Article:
Is there a future, even promising future, for pond scum as renewable energy source?
Yes. In fact, promising is perhaps too weak a word. Algae, as pond scum is more respectably known, have the potential of changing the U.S. energy landscape in a myriad of radical but beneficial ways.
Up to now, though, one big obstacle has stood in the way: Genetics.
To be economically viable, algae must become fast growing and better equipped in converting sunlight and carbon dioxide into lipids.
Algae must become nothing less than superalgae. But as the New York Times reported recently, some 100 academic efforts are under way to make this happen. In fact, scientists have already made significant headway. The article reports that one company has already engineered some 4,000 strains of algae using genetic techniques.
A successful outcome of these efforts could have major implications, not only for the nation as a whole, but also for Alabama in particular. As a matter of fact, Alabama, because of its warm climate, could become a major source of algae production.
At Auburn University, Paul Mask, assistant director for the Alabama Cooperative Extension System's agricultural programs, says Alabama's climate is well suited for growing algae. In fact, the blue-green algae that abounds in many catfish ponds and causes producers so many headaches testifies to that fact.
"We have a very long season in which algae can grow in outside ponds, and that makes us capable of growing the algae," Mask says.
On an acre-by-acre basis, algae offer immense potential, even over more conventional bioenergy sources, such as corn and soybeans.
"On a per-acre basis, algae produce a lot more energy than any other crop, and the idea is to grow it here in outside ponds," Mask says.
Again, the future of algae as a viable energy source rides on whether scientists are able to apply the right genetic tweaking to transform conventional algae into strains suitable for commercial production.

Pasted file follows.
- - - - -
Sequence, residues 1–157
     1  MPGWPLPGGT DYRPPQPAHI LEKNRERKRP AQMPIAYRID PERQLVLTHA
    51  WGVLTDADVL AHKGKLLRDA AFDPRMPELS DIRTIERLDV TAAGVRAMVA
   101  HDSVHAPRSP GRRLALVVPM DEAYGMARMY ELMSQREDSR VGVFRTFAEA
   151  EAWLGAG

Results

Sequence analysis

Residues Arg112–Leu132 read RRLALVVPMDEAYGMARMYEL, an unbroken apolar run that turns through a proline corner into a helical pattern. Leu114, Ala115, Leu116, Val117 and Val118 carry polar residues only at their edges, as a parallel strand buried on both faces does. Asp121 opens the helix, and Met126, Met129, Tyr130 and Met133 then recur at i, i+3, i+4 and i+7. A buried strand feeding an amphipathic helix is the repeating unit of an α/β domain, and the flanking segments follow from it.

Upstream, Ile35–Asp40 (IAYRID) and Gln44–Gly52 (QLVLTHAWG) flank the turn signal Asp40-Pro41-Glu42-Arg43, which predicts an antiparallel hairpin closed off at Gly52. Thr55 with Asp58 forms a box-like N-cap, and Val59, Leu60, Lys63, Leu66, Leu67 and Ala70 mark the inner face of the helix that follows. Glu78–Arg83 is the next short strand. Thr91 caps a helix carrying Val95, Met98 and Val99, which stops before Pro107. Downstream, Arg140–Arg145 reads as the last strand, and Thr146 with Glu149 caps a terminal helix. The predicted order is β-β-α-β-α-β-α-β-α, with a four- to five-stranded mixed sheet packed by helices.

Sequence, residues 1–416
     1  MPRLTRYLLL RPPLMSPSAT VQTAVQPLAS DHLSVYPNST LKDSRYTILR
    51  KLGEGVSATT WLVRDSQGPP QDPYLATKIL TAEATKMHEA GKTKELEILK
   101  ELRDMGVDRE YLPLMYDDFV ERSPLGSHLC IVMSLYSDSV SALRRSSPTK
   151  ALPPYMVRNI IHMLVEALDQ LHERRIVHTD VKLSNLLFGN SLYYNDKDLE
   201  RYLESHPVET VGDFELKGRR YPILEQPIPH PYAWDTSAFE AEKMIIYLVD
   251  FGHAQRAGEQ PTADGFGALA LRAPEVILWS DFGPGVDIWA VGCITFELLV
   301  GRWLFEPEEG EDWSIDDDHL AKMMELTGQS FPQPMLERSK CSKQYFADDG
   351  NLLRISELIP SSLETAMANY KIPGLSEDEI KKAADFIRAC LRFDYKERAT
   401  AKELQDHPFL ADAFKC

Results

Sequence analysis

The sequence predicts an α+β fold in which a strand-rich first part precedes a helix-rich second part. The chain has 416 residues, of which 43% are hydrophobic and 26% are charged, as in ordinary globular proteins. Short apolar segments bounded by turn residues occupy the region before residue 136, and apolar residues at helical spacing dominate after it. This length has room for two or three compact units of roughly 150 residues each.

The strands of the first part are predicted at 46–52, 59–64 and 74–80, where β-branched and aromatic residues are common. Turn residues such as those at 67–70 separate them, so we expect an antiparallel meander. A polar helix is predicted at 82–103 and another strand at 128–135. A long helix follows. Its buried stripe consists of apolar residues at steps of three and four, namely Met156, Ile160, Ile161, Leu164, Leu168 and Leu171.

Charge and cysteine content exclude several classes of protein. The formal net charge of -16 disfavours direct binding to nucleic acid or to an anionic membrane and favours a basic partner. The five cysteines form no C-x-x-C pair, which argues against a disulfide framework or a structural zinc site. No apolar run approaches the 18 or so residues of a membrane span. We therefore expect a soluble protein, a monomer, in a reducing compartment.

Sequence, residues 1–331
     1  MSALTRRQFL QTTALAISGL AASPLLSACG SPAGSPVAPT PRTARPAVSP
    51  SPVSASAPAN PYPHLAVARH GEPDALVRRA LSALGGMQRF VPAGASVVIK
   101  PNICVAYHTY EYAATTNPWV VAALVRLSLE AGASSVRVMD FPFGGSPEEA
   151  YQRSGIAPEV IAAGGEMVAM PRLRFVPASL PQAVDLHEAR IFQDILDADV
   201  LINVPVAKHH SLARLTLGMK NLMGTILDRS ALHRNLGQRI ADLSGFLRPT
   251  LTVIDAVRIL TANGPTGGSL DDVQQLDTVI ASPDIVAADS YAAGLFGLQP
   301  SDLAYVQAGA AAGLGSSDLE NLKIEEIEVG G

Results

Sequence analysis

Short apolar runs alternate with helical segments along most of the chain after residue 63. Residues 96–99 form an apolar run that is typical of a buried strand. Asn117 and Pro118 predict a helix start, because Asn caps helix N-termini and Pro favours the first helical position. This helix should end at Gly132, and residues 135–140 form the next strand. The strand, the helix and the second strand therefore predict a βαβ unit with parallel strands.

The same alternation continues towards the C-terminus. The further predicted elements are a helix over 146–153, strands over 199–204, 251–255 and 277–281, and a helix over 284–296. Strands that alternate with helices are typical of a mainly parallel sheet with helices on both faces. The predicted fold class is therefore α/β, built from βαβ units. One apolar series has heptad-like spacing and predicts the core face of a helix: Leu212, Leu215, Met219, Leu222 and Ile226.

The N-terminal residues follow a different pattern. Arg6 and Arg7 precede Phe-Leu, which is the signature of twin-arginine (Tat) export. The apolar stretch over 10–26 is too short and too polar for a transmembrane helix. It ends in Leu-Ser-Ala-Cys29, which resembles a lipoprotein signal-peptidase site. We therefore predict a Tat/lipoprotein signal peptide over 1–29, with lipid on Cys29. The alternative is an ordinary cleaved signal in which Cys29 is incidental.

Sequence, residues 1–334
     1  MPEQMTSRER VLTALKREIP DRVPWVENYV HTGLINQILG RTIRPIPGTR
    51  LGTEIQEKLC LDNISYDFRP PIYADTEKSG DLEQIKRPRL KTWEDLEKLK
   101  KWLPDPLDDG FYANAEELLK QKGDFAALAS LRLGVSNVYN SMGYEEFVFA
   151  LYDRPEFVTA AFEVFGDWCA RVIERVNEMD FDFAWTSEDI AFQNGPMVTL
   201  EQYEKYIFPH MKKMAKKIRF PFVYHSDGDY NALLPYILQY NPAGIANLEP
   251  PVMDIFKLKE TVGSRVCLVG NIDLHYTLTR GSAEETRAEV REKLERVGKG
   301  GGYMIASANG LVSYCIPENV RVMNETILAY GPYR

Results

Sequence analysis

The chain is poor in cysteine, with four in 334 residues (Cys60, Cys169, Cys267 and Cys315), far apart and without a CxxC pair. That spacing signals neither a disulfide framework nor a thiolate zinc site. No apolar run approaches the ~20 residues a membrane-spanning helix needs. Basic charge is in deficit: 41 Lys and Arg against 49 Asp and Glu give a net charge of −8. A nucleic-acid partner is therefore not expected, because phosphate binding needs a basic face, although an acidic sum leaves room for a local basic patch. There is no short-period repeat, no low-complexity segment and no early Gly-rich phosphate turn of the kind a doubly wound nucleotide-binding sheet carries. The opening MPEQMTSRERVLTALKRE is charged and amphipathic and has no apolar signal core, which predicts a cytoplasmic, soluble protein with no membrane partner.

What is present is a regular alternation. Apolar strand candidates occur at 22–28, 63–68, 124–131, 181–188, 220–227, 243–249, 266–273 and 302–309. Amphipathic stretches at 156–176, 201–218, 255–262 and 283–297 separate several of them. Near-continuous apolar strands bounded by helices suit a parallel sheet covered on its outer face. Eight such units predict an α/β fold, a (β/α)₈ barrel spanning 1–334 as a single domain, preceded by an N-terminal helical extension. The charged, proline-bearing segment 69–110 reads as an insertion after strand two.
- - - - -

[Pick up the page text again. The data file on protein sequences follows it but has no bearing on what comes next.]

This effort has taken many forms. Mask says one group is working in conventional ways, collecting algae from all over the world and selecting the strains that offer the best potential for commercial growth. Others are using genetic engineering to create algae that can be rendered more readily into biofuel.
For Alabama, the next step is developing a pilot program to determine how well algae, in whatever form it ultimately takes, can be grown commercially in the state.
"There's a lot that has been fleshed out on paper, but the next step is to carry algae through the entire process from producing the algae on a part-time annual basis to harvesting it and dehydrating it and converting it into energy."
Climate is not the only factor which makes Alabama potentially ideally suited to commercial algae production.
Masks stresses that a whole professional and academic infrastructure has developed in the state within the last few decades to support Alabama's multimillion-dollar catfish industry.
"They're very familiar with water chemistry and production techniques and all of the things that could provide producers with a lot of technical expertise to proceed with commercial algae production," he says.
"If algae becomes a feasible energy source, we're well positioned to be a part of this process."